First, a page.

Female Urinary Incontinence

This refers to leaking urine involuntarily. Temporary causes include urinary tract infection (UTI); in many women, incontinence can be long-term.
There are different types of urinary incontinence and many women can suffer from more than 1 type.

Stress urinary incontinence (SUI)

Leaking urine during physical activity e.g. coughing, sneezing, laughing, exercising.

Urge urinary continence (UUI)

Leaking urine shortly after feeling a strong urge to pee. Many women with overactive bladder who visit the toilet frequently due to urgency) may have UUI.

Mixed urinary incontinence (MUI)

Having both SUI and UUI. Usually one type will have worse symptoms than the other.

Overflow incontinence

This happens when you do not empty your bladder properly due to certain medical conditions and urine leaks out.

What are the causes of urinary incontinence?

Some major causes include:

  • Weakened pelvic floor muscles: because of damage sustained during pregnancy and childbirth, weakening from ageing and menopause, obesity
  • Weakened bladder muscles: from ageing and nerve damage
  • Medicationse.g. certain blood pressure or heart medications

Things that can worsen urinary incontinence include:

  • Drinking caffeine e.g. tea, coffee, alcohol
  • Medical conditionse.g. asthma, chronic cough, poor diabetes control, previous stroke, dementia
  • Smoking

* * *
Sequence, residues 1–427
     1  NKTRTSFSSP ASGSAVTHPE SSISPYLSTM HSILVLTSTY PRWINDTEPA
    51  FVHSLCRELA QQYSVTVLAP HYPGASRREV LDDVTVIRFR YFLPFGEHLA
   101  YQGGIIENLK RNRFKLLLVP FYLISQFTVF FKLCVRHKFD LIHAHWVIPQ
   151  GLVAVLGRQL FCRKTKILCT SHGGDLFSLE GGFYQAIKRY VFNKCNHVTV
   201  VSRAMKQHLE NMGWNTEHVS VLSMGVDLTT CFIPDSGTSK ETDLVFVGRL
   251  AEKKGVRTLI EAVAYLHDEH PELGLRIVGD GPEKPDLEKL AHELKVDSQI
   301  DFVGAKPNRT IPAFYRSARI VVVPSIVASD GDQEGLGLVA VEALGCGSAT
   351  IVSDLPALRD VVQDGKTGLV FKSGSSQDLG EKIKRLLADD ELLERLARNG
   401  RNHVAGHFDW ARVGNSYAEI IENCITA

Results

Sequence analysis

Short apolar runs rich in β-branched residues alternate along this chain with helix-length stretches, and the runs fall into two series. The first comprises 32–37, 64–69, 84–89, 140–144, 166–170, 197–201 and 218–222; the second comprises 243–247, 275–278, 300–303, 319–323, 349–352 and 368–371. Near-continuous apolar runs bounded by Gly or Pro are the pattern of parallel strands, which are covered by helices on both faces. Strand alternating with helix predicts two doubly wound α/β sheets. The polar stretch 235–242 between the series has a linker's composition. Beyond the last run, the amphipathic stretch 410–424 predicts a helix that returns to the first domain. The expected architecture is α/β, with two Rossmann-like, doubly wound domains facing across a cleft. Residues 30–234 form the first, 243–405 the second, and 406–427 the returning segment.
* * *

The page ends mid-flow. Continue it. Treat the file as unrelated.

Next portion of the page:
Many women with urinary incontinence may also have pelvic organ prolapse – a condition where there is sagging of the bladder, uterus or rectum into or beyond the vagina due to weak pelvic floor muscles.

What should I do if I have urinary incontinence?

You should consult a urogynaecologist to determine what type of urinary incontinence you have, its severity and your treatment options. Your doctor will take a detailed medical history and perform a pelvic examination to check for any pelvic organ prolapse and pelvic floor muscle tone.
Depending on your symptoms, you may require a pelvic and bladder ultrasound, urine tests and/or urodynamic study (this is a test to check for your bladder function and bladder muscle stability).

What is the treatment for urinary incontinence?

It depends on what type of urinary incontinence you have. Often, lifestyle changes are sufficient to improve symptoms. These include:

  • Maintain a healthy body mass index (BMI)
  • Adjust your diet or fluid intake
  • Cut down on caffeinated drinks
  • Bladder training
  • Take scheduled toilet breaks
  • Quit smoking
  • Improve control of medical conditions e.g. diabetes, asthma, or changing medications
  • Avoid constipation
  • Pelvic floor (Kegel) exercises

The treatment of stress urinary incontinence usually involves conservative and surgical options, while the treatment of urge urinary incontinence mainly revolves around conservative and medical options. If you have mixed urinary incontinence, treatment starts on the predominant type that bothers you the most – your urogynaecologist will be able to discuss these in further detail with you.

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